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Steelers News: Is this tight end draft class just what the Steelers need?

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Time to check on the latest news surrounding the Pittsburgh Steelers.

NFL Combine - Day 3 Photo by Joe Robbins/Getty Images

The Pittsburgh Steelers 2019 season is officially over. After finishing the year 8-8, the Steelers, and their vast fan base, has another long offseason awaiting them. Just because the games are done doesn’t mean we stop providing you with features, commentary and opinions to tide you over throughout the offseason!

Today in the black-and-gold links article we take a look at how this 2020 NFL Draft class of tight ends might be just what the Steelers need to make their offense more dynamic this season.

Let’s get to the news:

  • The Steelers need some help at tight end, and could this draft class provide just what the team needs?

Tight end class likely to have Steelers calling

By: Joe Rutter, Pittsburgh Tribune-Review

As the Pittsburgh Steelers await ratification of the collective bargaining agreement and the salary-cap figure for the 2020 season, no position on the roster could be affected more by the outcome than tight end.

Vance McDonald has started the past three seasons, but he had a career-low 7.2 yards per catch last season. He will count $7,127,500 against the salary cap if he remains on the roster and less than $1.5 million if he is released.

With the Steelers already having the least amount of cap space among the 32 teams, according to spotrac.com, McDonald could be a cap casualty — depending on the 2020 allotment.

Backup Nick Vannett, acquired in an early-season trade with Seattle, is an unrestricted free agent and caught just 13 passes in 13 games with the Steelers.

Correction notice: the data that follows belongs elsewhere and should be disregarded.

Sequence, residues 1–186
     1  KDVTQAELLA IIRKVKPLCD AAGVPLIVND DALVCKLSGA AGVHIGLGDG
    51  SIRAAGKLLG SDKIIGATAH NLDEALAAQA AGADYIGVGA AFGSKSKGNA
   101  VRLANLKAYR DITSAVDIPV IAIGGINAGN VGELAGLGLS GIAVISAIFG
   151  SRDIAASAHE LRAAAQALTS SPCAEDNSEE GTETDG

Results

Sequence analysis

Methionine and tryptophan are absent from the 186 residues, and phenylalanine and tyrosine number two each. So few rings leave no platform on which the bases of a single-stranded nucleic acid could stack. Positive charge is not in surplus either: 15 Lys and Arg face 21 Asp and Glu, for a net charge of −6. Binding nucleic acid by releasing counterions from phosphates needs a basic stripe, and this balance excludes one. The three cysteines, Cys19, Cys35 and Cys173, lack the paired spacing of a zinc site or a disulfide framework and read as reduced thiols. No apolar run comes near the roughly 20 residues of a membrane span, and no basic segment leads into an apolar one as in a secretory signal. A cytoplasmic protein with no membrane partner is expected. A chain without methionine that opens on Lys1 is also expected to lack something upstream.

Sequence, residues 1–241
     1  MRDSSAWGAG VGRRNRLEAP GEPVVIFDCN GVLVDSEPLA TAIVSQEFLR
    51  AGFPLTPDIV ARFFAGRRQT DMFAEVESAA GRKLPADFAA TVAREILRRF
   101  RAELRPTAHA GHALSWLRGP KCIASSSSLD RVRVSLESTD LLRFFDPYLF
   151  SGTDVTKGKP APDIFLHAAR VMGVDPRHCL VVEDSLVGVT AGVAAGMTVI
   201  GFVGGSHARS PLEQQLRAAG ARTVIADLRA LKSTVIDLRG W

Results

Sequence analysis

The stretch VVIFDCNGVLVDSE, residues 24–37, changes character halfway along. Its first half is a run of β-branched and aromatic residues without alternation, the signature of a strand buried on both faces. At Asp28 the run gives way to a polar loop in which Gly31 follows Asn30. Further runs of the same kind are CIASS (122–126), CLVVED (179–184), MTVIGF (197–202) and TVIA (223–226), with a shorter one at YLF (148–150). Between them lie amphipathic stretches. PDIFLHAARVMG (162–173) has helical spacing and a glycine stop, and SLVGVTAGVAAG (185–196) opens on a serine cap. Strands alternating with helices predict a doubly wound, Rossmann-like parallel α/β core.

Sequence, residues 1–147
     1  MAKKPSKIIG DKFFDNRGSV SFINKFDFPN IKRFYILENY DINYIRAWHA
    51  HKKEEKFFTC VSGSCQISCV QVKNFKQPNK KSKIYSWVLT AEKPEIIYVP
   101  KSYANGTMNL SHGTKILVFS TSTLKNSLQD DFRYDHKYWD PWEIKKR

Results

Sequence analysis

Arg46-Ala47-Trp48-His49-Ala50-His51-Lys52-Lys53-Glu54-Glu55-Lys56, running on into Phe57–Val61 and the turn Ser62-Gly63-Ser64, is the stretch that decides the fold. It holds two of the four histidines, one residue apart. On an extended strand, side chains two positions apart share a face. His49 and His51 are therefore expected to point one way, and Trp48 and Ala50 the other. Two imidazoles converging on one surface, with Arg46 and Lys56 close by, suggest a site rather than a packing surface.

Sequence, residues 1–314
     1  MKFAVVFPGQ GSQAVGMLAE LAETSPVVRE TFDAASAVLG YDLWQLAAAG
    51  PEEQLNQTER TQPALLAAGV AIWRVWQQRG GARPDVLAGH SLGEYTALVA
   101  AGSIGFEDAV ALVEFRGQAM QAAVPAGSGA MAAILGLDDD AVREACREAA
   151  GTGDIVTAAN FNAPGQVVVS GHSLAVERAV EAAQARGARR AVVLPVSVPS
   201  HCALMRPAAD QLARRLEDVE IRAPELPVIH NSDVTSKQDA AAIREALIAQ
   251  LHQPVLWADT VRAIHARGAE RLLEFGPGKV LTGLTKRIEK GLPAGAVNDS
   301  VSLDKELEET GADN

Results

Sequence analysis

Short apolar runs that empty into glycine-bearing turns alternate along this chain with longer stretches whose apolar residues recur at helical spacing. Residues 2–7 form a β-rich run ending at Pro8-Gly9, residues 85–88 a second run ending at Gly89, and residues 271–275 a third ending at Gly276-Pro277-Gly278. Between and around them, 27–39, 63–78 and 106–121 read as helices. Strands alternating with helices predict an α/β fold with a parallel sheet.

It’s conceivable when training camp begins that 2019 fifth-round pick Zach Gentry will be the only holdover from the season-ending roster.

Such uncertainty is one reason the Steelers could target a tight end in the second round — no matter if they add a veteran in free agency or retain McDonald and/or Vannett once league business opens March 18.

To read the full article, click HERE (Free)


  • Minkah Fitzpatrick...not a fan of the Scouting Combine.

Minkah: ‘I was never a fan’

By: Teresa Varley, Steelers.com

This week current and former NFL players, college football players, football fans, pretty much everyone who follows football, will be tuned in to the NFL Scouting Combine on NFL Network.

Minkah Fitzpatrick won’t be one of them, though.

”I definitely watched it before I went,” said Fitzpatrick. “I don’t watch it now. Not at all. Now that I know what goes down there, I don’t watch it.”

It’s safe to say Fitzpatrick wasn’t a fan of the Combine. And to be real, let’s not sugar coat it. He didn’t like it at all.

”I was never a fan of the Combine,” said Fitzpatrick. “I don’t see the point of it. You have been playing college football for three or four years, you have all of this film. You get invited for a reason. But I have never been a big fan of it. I feel like for some people it hurts you more than it helps.”

To read the full article, click HERE (Free)


  • The numbers of the combine can be both enthralling and confusing.

Combine focus: A numbers game

By: Matt Williamson, Steelers.com

Here is a mistake that far too many draft fans make. They go position by position and look to see who ran the fastest 40-yard dashes. That is great and all and obviously it is fantastic for a prospect to be able to run fast, but by taking this approach, fans overlook a massive ingredient in this recipe: weight.

This is especially true with skill position players and certainly applies to running backs and wide receivers, but let’s focus on the tight end position here. 17 tight ends ran the 40 at the Combine. Yes, that is a small sample size, but it is also a very manageable one.

Also, this group of tight end prospects has been really scrutinized as a weak class overall with just moderate depth and very little star power. Does that scrutiny jive with what we saw in Indianapolis from a testing perspective?

Without question, the star of the show was Missouri’s Albert Okwuegbunam. Okwuegbunam’s 4.49/40 destroyed the competition with the next best score at 4.66 tied from Brycen Hopkins of Purdue and Stephen Sullivan of LSU. But Okwuegbunam 10 pounds heavier than Sullivan and 13 pounds greater than Hopkins. Not to mention, Okwuegbunam had the second longest arms (to Sullivan) and fourth largest hand size of all the tight ends at the Combine.

To read the full article, click HERE (Free)


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